The Latest: Moon, Abe agree to co-operate on North Korea
Posted May 11
SEOUL, South Korea — The Latest on South Korean President Moon Jae-in's first days in office (all times local):
Japanese officials have described the first telephone call between new South Korean President Moon Jae-in and Japanese Prime Minster Shinzo Abe as "positive and meaningful," with the two agreeing to cooperate closely to deal with North Korea.
Chief Cabinet Secretary Yoshihide Suga said Thursday that the two leaders talked for 25 minutes and did not go into details of the outstanding issues, and agreed to meet as soon as possible for further talks.
Suga refused to confirm whether Moon told Abe that south Korea's public has difficulty accepting a 2015 agreement and Japan's compensation over the wartime sexual abuse of South Korean "comfort women" by the Japanese military.
Suga only said Abe told Moon that the agreement should be "appropriately managed," but did not elaborate. He said the two sides have a responsibility to observe the deal, a diplomatic agreement recognized internationally.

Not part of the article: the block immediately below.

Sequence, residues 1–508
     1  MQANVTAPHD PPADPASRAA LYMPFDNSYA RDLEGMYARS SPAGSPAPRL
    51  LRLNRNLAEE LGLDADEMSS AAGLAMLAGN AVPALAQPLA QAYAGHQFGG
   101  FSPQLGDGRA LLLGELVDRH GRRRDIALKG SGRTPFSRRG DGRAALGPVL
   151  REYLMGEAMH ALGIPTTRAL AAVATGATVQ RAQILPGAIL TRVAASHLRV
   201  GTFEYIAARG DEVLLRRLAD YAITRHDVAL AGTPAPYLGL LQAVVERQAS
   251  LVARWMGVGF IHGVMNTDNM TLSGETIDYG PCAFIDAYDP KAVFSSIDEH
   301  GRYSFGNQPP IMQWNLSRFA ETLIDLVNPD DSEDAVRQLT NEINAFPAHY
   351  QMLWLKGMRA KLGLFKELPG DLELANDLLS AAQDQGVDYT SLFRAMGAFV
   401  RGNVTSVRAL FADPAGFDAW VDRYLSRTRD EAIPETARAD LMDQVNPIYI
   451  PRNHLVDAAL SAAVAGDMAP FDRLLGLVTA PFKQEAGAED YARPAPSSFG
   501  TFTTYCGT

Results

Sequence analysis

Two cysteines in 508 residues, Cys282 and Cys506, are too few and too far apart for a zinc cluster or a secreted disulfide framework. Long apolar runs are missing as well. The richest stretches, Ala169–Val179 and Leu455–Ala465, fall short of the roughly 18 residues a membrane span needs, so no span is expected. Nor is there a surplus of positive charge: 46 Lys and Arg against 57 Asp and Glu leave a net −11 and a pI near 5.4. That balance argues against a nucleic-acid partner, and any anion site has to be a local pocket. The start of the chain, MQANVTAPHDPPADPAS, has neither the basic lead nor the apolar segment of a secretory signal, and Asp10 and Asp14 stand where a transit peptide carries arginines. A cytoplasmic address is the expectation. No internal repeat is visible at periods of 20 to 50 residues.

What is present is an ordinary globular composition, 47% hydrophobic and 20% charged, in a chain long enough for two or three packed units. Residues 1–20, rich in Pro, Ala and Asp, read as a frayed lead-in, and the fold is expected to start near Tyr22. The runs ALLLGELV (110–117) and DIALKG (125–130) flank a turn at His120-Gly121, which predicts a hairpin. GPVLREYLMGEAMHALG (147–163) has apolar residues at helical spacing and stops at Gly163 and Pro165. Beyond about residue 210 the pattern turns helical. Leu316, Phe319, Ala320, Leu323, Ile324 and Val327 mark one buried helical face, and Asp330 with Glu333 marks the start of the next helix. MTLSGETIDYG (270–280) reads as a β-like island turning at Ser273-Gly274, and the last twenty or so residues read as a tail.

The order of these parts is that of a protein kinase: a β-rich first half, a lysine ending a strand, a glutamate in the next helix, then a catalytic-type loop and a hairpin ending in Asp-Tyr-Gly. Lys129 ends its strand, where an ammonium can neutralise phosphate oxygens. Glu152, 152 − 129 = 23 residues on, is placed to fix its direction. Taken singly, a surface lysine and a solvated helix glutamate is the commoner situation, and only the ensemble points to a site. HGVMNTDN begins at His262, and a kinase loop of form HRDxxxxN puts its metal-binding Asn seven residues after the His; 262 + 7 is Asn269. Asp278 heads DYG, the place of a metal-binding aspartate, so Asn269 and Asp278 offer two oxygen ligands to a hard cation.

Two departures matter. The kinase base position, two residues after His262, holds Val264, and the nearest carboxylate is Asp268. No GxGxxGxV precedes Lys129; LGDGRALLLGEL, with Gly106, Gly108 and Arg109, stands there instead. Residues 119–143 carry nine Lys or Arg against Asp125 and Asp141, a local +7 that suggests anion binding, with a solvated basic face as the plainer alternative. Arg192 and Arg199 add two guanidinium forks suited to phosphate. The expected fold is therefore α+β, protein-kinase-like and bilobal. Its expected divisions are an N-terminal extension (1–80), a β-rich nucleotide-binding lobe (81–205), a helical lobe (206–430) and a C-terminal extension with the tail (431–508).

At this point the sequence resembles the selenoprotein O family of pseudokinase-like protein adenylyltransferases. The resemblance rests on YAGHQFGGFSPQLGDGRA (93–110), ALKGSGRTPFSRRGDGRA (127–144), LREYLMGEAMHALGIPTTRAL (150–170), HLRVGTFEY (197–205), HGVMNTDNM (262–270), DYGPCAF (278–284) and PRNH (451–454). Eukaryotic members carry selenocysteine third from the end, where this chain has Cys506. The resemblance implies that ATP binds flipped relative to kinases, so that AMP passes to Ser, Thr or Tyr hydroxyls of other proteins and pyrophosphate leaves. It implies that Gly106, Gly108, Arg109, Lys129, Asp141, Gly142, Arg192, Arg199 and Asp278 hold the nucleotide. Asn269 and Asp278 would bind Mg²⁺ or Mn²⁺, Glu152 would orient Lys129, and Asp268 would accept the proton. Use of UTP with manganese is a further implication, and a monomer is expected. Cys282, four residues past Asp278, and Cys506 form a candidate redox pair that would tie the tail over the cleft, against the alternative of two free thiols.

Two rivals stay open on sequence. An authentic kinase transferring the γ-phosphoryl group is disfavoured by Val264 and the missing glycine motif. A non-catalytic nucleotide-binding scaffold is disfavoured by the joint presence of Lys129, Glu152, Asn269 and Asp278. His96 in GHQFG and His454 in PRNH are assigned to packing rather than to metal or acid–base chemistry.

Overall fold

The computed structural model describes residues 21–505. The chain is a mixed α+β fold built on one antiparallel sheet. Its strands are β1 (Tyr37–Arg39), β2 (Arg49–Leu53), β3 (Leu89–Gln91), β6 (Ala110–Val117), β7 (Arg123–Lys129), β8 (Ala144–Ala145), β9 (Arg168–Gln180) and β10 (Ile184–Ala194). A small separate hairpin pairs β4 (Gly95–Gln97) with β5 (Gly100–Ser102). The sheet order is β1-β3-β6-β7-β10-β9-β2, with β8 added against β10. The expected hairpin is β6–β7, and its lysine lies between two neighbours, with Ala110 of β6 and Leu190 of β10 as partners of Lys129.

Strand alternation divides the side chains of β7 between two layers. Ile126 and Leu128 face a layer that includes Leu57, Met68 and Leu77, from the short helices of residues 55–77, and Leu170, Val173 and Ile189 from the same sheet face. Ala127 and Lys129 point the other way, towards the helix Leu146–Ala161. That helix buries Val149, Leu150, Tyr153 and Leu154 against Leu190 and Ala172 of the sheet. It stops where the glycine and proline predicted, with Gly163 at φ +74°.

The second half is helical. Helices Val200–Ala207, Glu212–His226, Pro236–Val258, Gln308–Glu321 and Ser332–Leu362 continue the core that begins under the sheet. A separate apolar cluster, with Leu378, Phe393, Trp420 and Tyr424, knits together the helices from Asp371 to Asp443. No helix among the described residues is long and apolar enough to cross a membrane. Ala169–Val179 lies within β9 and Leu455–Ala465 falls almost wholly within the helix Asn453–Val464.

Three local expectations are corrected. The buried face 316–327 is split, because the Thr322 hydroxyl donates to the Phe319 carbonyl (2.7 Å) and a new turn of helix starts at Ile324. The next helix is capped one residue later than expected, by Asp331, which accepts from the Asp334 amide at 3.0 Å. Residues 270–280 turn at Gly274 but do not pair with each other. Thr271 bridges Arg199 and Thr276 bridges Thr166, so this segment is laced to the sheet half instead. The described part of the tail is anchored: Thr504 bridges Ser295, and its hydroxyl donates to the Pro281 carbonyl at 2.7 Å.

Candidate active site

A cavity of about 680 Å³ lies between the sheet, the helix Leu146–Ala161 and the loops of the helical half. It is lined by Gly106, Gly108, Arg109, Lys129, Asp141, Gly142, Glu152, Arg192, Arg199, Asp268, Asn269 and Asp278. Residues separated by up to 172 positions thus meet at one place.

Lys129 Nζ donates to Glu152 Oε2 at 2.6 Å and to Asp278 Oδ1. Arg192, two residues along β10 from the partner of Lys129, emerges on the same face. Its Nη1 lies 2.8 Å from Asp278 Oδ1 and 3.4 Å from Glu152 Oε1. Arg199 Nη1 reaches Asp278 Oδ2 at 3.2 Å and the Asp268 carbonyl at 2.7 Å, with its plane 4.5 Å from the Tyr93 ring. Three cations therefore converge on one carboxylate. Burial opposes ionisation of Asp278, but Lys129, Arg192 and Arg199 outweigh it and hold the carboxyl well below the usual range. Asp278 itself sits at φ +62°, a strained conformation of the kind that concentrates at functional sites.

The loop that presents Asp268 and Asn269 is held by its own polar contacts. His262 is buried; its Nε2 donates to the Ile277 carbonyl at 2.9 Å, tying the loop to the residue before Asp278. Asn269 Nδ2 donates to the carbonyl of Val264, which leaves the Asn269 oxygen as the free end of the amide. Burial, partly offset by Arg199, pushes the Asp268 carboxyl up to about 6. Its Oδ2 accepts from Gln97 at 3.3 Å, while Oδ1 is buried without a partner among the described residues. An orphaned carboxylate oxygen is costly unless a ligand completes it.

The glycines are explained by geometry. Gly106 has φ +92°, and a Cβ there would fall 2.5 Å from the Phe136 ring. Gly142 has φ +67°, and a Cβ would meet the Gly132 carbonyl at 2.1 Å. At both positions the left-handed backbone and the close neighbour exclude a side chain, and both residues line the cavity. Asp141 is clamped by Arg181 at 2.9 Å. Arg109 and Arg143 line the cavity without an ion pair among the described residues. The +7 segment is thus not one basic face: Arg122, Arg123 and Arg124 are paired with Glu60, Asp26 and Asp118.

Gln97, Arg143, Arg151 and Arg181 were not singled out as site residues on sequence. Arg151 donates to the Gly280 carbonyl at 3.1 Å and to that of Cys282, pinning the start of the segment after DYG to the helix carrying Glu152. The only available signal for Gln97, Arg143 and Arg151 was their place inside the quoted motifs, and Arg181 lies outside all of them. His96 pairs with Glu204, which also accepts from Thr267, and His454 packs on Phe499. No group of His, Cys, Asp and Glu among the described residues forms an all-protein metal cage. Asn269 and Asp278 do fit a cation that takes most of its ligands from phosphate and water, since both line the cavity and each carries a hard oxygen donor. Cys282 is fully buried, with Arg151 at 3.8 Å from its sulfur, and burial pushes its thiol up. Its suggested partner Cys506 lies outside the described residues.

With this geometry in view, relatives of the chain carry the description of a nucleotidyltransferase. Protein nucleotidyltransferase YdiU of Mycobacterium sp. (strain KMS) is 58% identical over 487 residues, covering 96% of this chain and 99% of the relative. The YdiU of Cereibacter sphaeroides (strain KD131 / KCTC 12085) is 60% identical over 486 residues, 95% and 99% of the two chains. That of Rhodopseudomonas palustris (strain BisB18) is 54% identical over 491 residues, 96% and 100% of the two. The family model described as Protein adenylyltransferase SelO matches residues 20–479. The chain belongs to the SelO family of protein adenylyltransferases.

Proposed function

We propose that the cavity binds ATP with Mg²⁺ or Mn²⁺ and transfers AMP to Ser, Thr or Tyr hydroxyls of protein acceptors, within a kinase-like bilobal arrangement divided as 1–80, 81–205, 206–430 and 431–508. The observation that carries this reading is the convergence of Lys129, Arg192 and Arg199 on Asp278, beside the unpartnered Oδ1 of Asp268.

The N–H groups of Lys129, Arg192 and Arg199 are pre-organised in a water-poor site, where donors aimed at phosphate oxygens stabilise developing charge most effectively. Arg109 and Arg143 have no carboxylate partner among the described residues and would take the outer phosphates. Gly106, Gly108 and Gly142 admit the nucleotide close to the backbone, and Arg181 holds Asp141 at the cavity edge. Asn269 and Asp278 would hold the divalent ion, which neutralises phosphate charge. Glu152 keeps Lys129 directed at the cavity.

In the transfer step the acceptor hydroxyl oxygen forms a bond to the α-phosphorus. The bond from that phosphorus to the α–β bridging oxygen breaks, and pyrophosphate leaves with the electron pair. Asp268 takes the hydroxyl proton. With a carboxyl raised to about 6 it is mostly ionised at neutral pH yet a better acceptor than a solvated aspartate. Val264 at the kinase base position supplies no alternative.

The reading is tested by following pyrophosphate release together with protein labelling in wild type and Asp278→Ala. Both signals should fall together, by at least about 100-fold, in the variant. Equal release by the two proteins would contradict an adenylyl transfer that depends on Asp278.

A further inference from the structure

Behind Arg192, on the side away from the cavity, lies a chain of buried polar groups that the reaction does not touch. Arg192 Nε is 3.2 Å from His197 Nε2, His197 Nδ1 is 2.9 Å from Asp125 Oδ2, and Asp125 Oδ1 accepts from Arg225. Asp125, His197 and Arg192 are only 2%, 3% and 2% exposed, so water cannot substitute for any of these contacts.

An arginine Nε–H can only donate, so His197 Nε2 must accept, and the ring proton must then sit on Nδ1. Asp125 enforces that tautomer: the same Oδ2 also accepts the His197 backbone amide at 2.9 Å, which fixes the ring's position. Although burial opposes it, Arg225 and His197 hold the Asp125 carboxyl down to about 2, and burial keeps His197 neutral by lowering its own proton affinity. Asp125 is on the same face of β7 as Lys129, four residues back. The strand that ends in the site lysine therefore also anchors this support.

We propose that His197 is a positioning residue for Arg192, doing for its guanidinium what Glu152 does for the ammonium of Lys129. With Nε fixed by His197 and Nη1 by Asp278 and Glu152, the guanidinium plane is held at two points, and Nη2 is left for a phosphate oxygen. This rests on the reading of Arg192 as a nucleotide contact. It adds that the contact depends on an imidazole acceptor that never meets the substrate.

New South Korean President Moon Jae-in has told Japanese Prime Minster Shinzo Abe that their countries must not let their difficult histories hamper co-operation in dealing with North Korea's nuclear program.
Moon's office said Thursday that the comment came in a phone call between the two leaders that also touched on a controversial 2015 agreement over compensating South Korean women forced into sexual slavery by Japan's military in World War II. It said Moon told Abe that it was emotionally difficult for South Koreans to accept the agreement.
It wasn't clear whether Moon used the conversation to call for a renegotiation of the deal. He had promised during his campaign to renegotiate it.
The settlement, which remains hugely unpopular in South Korea, included cash payments for victims and South Korea agreed to try to resolve a Japanese grievance over a statue of a girl representing victims in front of its Seoul embassy.